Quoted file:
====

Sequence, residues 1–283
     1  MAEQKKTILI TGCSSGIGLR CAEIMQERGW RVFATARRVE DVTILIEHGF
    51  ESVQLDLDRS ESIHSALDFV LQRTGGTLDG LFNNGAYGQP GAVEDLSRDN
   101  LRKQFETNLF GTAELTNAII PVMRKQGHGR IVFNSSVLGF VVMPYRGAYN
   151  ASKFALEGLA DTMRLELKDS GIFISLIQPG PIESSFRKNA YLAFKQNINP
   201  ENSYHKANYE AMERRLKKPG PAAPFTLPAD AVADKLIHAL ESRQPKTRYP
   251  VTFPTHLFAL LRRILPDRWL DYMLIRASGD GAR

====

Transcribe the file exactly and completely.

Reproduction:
Sequence, residues 1–283
     1  MAEQKKTILI TGCSSGIGLR CAEIMQERGW RVFATARRVE DVTILIEHGF
    51  ESVQLDLDRS ESIHSALDFV LQRTGGTLDG LFNNGAYGQP GAVEDLSRDN
   101  LRKQFETNLF GTAELTNAII PVMRKQGHGR IVFNSSVLGF VVMPYRGAYN
   151  ASKFALEGLA DTMRLELKDS GIFISLIQPG PIESSFRKNA YLAFKQNINP
   201  ENSYHKANYE AMERRLKKPG PAAPFTLPAD AVADKLIHAL ESRQPKTRYP
   251  VTFPTHLFAL LRRILPDRWL DYMLIRASGD GAR